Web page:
The reaction time for pilots to fit oxygen masks is of critical importance when there is a cabin pressurisation failure. For the crew in this occurrence, it was the first action taken when they detected that the cabin pressure warning light was on. A misconception is that it is easy to recognise the symptoms of hypoxia and take corrective action before becoming seriously impaired. The signs and symptoms vary depending on the individual, the altitude and the extent of the exposure. While other significant effects of hypoxia usually do not occur in a healthy person in an unpressurised aircraft below 12,000 ft above mean sea level (AMSL), there is no assurance that this will always be the case. Furthermore, the altitude range of impairment due to hypoxia is best described as a continuum; there is no definitive altitude at which the effects of hypoxia begin or end. To mitigate the risk associated with these variations, if hypoxia is suspected, a descent to altitudes below 10,000 ft AMSL is suggested.
Additional information is provided in the following publications:
The ATSB research report, Depressurisation Accidents and Incidents Involving Australian Civil Aircraft (B2006/0142), is available from the ATSB website.
The ATSB investigation report ‑Pilot and Passenger Incapacitation Beech Super King Air 200, VHSKC, Wernadinga Station, Qld, 4 September 2000 (200003771), is available from the ATSB website.
US Federal Aviation Administration (FAA) Advisory Circular AC 61-107B Aircraft Operations at Altitudes Above 25,000 Feet Mean Sea Level or Mach Numbers Greater Than .75/ with Change 1, is available from the FAA website.
- Pressurisation of the cabin is displayed as cabin altitude and is the equivalent to outside pressure at different altitudes. A cabin altitude of 4,000 ft corresponds to an atmospheric pressure of 4,000 ft.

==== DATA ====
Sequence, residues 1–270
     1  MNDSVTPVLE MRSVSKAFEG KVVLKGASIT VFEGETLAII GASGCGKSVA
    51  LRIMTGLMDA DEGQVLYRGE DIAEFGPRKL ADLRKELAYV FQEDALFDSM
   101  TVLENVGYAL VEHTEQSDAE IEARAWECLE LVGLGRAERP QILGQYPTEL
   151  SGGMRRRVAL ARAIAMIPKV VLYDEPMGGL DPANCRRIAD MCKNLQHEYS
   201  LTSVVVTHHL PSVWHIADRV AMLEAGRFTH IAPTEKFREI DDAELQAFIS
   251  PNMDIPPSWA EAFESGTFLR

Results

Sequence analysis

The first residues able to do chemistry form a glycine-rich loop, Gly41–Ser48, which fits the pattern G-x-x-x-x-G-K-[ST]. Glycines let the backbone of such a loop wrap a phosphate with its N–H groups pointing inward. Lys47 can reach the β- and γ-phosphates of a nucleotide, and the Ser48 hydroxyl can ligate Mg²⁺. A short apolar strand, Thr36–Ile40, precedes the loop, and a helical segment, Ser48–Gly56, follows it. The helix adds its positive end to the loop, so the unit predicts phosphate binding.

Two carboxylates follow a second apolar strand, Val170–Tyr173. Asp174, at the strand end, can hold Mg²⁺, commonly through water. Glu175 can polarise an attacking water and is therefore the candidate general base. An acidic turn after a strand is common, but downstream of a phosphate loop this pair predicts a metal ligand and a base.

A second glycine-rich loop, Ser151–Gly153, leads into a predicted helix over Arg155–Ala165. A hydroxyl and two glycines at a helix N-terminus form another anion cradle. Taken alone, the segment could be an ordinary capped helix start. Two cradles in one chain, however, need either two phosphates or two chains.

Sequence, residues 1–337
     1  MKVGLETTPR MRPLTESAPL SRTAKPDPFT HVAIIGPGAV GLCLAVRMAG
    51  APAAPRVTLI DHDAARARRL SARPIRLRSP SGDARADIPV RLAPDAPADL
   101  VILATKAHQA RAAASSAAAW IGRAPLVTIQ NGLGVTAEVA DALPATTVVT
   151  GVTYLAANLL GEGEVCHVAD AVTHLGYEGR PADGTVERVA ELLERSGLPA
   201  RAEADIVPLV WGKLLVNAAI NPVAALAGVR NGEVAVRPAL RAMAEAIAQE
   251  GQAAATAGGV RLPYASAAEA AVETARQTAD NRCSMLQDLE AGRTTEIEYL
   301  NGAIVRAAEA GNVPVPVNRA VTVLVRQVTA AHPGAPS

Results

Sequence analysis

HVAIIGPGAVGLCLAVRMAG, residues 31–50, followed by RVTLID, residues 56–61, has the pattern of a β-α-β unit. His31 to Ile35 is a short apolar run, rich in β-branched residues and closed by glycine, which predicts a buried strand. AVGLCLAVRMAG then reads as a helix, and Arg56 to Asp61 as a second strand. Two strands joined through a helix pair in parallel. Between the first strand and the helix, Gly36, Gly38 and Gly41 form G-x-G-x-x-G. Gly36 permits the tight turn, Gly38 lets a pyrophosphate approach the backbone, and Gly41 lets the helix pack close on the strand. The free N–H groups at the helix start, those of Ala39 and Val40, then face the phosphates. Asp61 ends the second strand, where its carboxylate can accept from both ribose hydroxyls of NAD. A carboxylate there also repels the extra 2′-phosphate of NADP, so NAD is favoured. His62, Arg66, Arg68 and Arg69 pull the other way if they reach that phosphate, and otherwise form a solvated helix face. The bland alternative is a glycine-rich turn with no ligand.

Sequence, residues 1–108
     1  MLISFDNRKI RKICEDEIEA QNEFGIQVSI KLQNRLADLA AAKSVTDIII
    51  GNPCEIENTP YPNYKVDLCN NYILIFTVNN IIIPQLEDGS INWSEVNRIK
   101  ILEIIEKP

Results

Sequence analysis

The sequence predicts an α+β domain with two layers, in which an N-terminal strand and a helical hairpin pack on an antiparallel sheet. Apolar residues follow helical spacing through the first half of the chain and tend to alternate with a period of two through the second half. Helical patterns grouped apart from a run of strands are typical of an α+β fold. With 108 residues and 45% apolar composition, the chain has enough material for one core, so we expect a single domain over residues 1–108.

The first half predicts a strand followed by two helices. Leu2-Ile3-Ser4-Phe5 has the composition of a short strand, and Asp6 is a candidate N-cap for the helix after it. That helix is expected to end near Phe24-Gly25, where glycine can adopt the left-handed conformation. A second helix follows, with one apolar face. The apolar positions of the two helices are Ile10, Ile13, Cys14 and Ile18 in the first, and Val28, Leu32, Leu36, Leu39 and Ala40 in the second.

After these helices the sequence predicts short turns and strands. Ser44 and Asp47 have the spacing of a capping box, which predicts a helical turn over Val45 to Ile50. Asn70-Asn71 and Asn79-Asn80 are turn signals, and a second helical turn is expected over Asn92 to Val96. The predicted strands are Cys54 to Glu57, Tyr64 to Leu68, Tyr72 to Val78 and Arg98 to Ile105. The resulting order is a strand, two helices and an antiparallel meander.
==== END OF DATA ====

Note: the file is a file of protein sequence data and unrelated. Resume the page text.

- Flight level: at altitudes above 10,000 ft in Australia, an aircraft’s height above mean sea level is referred to as a flight level (FL). FL 176 equates to 17,600 ft.
- If the cabin altitude exceeds 10,000 ft, this automatically illuminates the ‘CABIN PRESS’ warning light on the warning light panel. The light will remain illuminated until the cabin altitude decreases below 10,000 ft.
- PAN PAN: an internationally recognised radio call announcing an urgency condition which concerns the safety of an aircraft or its occupants but where the flight crew does not require immediate assistance.
|Date:||07 August 2016||Investigation status:||Completed|
|Location:||Perth Airport, N 67 km||Investigation type:||Occurrence Investigation|
|State:||Western Australia||Occurrence type:||Air/pressurisation|
|Release date:||14 December 2016||Occurrence class:||Operational|
|Report status:||Final||Occurrence category:||Accident|
|Highest injury level:||None|
|Aircraft manufacturer||de Havilland Aircraft Pty Ltd|
|Type of operation||Air Transport Low Capacity|
|Damage to aircraft||Nil|
|Departure point||Perth, WA|